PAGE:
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Henst's Goshawk Accipiter henstii

Justification
This species may have a very small population, which is threatened by deforestation. It is therefore listed as Near Threatened. If the population was found to be in decline, it might qualify for a higher threat category.

Taxonomic source(s)
Dowsett, R. J.; Forbes-Watson, A. D. 1993. Checklist of birds of the Afrotropical and Malagasy regions. Tauraco Press, Li
Sibley, C. G.; Monroe, B. L. 1990. Distribution and taxonomy of birds of the world. Yale University Press, New Haven, USA.

Identification
A large forest accipiter. Even dark grey-brown above, with slight pale supercilium and pale, heavily-barred underparts, long yellow legs and long tail. Young birds are paler brown above, often with paler feather-bases showing, and are streaked brownish underneath. Similar spp. Very similar to Madagascar Serpent Eagle Eutriorchis astur, though the adult lacks that species' overall brownish coloration and dark bars in tertials, mantle and crown-feathers. Young birds are easily distinguished by having streaks, not bars, on the underparts. Flight is generally more direct and rapid than Madagascar Serpent Eagle. Almost identical in plumage to Madagascar Sparrowhawk Accipiter madagascariensis, but much larger; differs in having throat barred and streaked, forming a chequered pattern, and in usually having bars on the undertail-coverts. Hints Often seen flying over the forest canopy calling, a loud, rapid, rather cracked "ang-ang-ang-ang-ang-ang...". Otherwise, sometimes seen briefly while chasing birds in the sub-canopy or in clearings.

Distribution and population
Accipiter henstii is a forest raptor sparsely distributed throughout most of Madagascar but absent from the south-west (Langrand 1990). It is rare throughout its range (Langrand 1990; Morris and Hawkins 1998), but appears to be present in almost all adequately large forest blocks that have been surveyed (ZICOMA 1999).

Population justification
The population is estimated at 1,000-3,000 individuals, roughly equivalent to 670-2,000 mature individuals.

Trend justification
The population is suspected to be in decline owing to ongoing deforestation.

Ecology
It occurs in primary forest, both dry deciduous and humid evergreen, and in some secondary woodlands and large Eucalyptus plantations, not always near primary forest, up to 1,800 m (del Hoyo et al. 1994). It hunts below the canopy for birds and small mammals, probably including some lemurs (Langrand 1990; Morris and Hawkins 1998). Egg-laying takes place in October-November, and the nest is large and constructed from sticks in the main fork of large trees, including those in Eucalyptus plantations (del Hoyo et al. 1994).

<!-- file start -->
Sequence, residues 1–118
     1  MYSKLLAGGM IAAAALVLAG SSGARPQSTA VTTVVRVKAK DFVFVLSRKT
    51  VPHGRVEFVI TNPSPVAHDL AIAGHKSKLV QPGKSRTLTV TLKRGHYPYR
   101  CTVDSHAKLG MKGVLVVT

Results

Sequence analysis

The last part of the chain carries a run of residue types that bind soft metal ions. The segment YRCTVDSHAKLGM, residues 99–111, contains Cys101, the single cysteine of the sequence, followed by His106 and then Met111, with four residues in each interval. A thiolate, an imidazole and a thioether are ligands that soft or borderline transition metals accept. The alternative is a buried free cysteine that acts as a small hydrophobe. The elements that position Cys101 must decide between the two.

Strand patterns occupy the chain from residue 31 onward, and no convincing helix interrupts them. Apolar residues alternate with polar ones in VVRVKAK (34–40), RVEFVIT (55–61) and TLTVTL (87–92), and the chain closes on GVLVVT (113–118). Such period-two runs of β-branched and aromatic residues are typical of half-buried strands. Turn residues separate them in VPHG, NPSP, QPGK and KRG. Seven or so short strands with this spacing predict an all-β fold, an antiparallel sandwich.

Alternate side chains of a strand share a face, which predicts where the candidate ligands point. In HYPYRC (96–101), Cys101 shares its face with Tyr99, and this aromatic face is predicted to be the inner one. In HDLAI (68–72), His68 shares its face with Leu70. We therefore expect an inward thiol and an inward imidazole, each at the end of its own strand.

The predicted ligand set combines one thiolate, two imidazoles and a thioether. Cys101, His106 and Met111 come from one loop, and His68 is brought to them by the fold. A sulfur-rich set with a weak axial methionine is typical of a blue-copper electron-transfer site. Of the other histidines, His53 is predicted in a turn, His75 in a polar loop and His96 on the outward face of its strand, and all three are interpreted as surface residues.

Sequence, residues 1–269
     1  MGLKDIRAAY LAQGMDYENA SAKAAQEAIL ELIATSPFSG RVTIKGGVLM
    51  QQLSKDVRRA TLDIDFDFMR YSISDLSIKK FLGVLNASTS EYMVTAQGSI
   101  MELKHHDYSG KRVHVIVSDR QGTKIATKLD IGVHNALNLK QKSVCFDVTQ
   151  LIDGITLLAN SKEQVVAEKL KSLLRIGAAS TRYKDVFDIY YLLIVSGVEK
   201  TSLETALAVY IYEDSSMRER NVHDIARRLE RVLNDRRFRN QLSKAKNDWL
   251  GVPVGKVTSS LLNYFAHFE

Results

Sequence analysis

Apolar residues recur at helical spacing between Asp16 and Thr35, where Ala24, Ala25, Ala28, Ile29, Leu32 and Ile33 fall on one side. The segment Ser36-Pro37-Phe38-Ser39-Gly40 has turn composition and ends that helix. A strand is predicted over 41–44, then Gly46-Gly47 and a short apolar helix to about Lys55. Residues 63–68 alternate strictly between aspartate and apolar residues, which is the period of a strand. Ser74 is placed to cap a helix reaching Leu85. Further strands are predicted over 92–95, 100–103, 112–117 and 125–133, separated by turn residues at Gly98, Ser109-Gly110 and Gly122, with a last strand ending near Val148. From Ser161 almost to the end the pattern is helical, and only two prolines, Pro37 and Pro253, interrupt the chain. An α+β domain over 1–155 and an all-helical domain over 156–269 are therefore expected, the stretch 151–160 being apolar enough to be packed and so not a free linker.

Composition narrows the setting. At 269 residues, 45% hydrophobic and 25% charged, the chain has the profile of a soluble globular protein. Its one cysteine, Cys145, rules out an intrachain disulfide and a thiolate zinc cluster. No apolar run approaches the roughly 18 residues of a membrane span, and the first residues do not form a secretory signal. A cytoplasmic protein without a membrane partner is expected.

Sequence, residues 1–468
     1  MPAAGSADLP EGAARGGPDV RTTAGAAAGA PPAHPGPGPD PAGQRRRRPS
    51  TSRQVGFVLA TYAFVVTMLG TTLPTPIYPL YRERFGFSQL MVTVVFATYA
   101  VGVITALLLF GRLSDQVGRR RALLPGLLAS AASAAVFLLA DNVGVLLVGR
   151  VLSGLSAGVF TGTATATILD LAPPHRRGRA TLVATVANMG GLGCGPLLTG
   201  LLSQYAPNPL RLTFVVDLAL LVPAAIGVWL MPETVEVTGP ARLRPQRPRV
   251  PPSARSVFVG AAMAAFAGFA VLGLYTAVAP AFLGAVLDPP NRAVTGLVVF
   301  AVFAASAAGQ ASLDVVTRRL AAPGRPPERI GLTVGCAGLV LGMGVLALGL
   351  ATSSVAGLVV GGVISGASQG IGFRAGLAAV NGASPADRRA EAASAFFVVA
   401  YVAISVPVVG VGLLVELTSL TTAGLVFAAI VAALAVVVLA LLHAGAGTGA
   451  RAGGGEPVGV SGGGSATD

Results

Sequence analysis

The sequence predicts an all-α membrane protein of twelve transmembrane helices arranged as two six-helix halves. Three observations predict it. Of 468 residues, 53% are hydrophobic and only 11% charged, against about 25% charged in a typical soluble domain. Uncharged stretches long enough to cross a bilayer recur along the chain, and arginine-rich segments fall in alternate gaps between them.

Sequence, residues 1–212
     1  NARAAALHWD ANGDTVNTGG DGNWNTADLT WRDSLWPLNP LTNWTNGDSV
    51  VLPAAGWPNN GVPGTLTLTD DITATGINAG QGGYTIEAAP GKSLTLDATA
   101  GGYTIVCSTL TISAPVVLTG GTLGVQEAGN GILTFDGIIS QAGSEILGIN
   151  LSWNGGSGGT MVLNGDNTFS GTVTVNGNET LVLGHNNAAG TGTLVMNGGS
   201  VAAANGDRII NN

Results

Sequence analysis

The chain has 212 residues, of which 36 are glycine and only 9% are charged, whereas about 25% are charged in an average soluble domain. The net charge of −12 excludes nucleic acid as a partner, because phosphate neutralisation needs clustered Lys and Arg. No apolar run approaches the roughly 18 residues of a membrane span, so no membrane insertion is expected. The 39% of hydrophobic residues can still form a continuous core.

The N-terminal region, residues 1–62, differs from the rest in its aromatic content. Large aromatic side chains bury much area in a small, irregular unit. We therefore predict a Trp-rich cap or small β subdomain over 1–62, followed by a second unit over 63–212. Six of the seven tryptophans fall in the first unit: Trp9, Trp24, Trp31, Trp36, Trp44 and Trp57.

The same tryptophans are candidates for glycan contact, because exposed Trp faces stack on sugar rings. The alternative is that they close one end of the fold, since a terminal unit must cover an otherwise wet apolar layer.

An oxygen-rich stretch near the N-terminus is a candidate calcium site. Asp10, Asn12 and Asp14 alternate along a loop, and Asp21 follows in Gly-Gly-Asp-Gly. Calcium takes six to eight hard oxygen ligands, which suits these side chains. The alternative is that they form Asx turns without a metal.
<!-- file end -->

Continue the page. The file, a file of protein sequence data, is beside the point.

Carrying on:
Threats
The species is considered vulnerable to deforestation (del Hoyo et al. 1994).

Conservation Actions Underway
CITES Appendix II. Conservation Actions Proposed
Conduct surveys to establish an up-to-date estimate of its population and range. Study the species's ecology. Monitor rates of deforestation across its range. Secure habitat through protected area status.

References
del Hoyo, J.; Elliott, A.; Sargatal, J. 1994. Handbook of the Birds of the World, vol. 2: New World Vultures to Guineafowl. Lynx Edicions, Barcelona, Spain.

Langrand, O. 1990. Guide to the birds of Madagascar. Yale University Press, New Haven, USA.

Morris, P.; Hawkins, F. 1998. Birds of Madagascar: a photographic guide. Pica Press, Robertsbridge, UK.

ZICOMA. 1999. Zones d'Importance pour la Conservation des Oiseaux a Madagascar.

Text account compilers
Evans, M., O'Brien, A., Robertson, P., Starkey, M., Symes, A., Taylor, J.

Contributors
Hawkins, F., Robertson, P.

IUCN Red List evaluators
Butchart, S., Taylor, J.

Recommended citation
BirdLife International (2014) Species factsheet: Accipiter henstii. Downloaded from http://www.birdlife.org on 24/04/2014. Recommended citation for factsheets for more than one species: BirdLife International (2014) IUCN Red List for birds. Downloaded from http://www.birdlife.org on 24/04/2014.

This information is based upon, and updates, the information published in BirdLife International (2000) Threatened birds of the world. Barcelona and Cambridge, UK: Lynx Edicions and BirdLife International, BirdLife International (2004) Threatened birds of the world 2004 CD-ROM and BirdLife International (2008) Threatened birds of the world 2008 CD-ROM. These sources provide the information for species accounts for the birds on the IUCN Red List.

To provide new information to update this factsheet or to correct any errors, please email BirdLife

To contribute to discussions on the evaluation of the IUCN Red List status of Globally Threatened Birds, please visit BirdLife's Globally Threatened Bird Forums.

Additional resources for this species

ARKive species - Henst’s goshawk (Accipiter henstii) 0

Key facts
Current IUCN Red List category Near Threatened
Family Accipitridae (Osprey, kites, hawks and eagles)
Species name author (Schlegel, 1873)
Population size 670-2000 mature individuals
Population trend Decreasing
Distribution size (breeding/resident) 503,000 km2
Country endemic? Yes
Links to further information
- Additional Information on this species